Klenk Law

At my death, I would like to leave a small gift to my Nieces and Nephews. Does it matter what assets I leave them?

Posted on Sun Nov 16, 2014, on Estate Planning

Making gifts to nieces and nephews for Pennsylvanians forces the calculation of the Pennsylvania Inheritance Tax. The tax is levied on the transfer of your assets at your death, and the rates differ depending on who is the recipient.

Lineal descendants are subject to a 4.5% tax, while non-lineal descendants (other than siblings) are taxed at 15%. That is a substantial difference! While children and step-children are lineal descendants, nieces and nephews are not. When a client wants to include a niece or nephew in their estate plan, I hope that the client has life insurance. Life insurance is one of the few assets exempt from the Pennsylvania Inheritance Tax, so a gift of life insurance to a niece or nephew avoids the 15% tax. Life insurance has the added advantage of being very easy to change beneficiaries. If that niece or nephew forgets your birthday, you can change the gift amount quickly and easily, often over the internet.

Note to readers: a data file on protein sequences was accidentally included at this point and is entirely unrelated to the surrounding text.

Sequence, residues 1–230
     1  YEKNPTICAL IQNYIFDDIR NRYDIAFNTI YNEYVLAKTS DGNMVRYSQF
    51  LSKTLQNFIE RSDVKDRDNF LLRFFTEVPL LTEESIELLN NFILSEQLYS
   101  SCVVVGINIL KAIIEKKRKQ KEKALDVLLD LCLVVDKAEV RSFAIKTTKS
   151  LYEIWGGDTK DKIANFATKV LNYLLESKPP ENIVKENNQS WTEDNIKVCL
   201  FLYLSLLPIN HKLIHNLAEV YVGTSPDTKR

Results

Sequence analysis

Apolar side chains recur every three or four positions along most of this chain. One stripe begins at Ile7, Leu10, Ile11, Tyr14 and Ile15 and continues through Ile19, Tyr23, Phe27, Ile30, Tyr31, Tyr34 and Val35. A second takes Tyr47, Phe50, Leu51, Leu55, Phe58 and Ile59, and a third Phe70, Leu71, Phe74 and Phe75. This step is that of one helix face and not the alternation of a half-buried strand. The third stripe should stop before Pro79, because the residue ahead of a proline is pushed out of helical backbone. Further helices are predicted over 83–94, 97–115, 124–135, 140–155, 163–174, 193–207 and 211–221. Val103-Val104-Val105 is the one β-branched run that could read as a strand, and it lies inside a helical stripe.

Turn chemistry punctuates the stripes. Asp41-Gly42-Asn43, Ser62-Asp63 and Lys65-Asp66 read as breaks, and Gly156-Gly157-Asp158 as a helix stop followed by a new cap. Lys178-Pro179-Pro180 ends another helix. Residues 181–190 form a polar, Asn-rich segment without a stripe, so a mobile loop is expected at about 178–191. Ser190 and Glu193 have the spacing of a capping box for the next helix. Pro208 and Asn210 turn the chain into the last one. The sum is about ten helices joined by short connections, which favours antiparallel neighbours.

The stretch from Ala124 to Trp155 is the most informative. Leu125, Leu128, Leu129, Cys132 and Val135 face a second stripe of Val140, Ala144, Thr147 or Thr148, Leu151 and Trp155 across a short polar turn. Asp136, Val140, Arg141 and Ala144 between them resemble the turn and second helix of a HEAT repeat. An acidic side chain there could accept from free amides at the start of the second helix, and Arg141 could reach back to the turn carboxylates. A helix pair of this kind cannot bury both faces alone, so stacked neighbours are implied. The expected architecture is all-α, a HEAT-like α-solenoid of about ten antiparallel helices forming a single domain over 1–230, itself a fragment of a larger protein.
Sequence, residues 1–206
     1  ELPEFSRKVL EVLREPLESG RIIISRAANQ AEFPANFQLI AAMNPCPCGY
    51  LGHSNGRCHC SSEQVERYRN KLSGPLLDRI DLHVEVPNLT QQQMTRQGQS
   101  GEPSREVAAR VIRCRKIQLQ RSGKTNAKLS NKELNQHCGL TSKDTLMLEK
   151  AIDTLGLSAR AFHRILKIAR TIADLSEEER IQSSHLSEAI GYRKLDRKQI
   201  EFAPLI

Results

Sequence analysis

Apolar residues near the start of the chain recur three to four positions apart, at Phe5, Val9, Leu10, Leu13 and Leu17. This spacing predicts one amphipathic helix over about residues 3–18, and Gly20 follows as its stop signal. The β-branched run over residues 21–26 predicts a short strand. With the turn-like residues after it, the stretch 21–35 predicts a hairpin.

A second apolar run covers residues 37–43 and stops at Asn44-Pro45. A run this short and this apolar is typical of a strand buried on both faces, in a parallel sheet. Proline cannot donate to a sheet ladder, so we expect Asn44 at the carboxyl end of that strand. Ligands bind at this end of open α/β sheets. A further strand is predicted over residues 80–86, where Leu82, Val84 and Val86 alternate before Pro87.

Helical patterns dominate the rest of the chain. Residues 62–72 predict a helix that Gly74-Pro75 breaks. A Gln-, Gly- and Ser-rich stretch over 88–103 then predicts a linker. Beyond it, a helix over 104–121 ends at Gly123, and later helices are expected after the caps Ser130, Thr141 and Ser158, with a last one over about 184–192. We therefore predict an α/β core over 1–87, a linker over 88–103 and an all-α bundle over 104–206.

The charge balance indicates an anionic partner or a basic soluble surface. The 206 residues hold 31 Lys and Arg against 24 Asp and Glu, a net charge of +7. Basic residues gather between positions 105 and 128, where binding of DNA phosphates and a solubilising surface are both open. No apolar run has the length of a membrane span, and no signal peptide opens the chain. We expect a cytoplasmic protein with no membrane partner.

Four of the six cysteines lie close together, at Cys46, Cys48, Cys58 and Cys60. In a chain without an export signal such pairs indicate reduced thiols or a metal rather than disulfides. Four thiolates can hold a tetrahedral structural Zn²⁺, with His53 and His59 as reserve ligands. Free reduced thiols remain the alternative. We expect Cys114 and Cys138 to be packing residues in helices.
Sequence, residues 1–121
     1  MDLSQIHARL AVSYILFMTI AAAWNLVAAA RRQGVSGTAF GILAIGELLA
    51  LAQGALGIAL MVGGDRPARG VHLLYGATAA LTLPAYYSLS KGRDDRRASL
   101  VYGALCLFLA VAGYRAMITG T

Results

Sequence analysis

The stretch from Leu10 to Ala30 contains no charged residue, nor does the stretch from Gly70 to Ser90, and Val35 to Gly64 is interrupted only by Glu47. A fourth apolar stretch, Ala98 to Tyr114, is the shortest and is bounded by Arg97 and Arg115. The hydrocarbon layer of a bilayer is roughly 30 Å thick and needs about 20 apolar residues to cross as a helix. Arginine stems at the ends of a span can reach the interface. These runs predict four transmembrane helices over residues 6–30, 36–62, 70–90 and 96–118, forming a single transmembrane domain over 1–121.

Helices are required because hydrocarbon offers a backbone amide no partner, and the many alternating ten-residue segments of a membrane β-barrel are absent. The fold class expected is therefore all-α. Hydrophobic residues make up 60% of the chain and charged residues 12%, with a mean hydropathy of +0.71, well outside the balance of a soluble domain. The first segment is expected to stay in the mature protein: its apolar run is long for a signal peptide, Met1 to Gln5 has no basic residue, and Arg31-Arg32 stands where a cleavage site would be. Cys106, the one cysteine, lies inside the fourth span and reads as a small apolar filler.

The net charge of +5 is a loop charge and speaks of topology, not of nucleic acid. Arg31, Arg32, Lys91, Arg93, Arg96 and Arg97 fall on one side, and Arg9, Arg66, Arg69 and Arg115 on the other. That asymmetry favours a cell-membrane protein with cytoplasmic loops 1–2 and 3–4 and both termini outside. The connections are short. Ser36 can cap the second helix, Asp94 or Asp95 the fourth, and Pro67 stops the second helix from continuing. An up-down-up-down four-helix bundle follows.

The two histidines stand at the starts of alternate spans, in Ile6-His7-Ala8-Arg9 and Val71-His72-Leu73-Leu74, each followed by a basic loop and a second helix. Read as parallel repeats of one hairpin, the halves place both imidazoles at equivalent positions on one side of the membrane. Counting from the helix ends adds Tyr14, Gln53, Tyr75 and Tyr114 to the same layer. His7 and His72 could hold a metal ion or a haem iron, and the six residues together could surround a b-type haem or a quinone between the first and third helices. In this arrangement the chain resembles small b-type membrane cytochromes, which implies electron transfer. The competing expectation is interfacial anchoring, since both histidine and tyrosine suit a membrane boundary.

If you do not have life insurance, I would still consider using non-probate assets to make your gift. Once you name a person in your will, that person becomes part of the probate notification process and the entire probate. This can increase the time your executor must spend on your estate and the overall costs. If instead of using you will, you name the niece and nephew as beneficiary of your IRA or using a Transfer on Death designation on one of your bank or stock accounts, you then do not have to include them in the probate process. Unlike you life insurance, these transfers will be subject to the Pennsylvania Inheritance Tax, which you should take into consideration.

If you have questions about estate planning or probate in Philadelphia County, Pennsylvania, feel free to contact our office for a free consultation.

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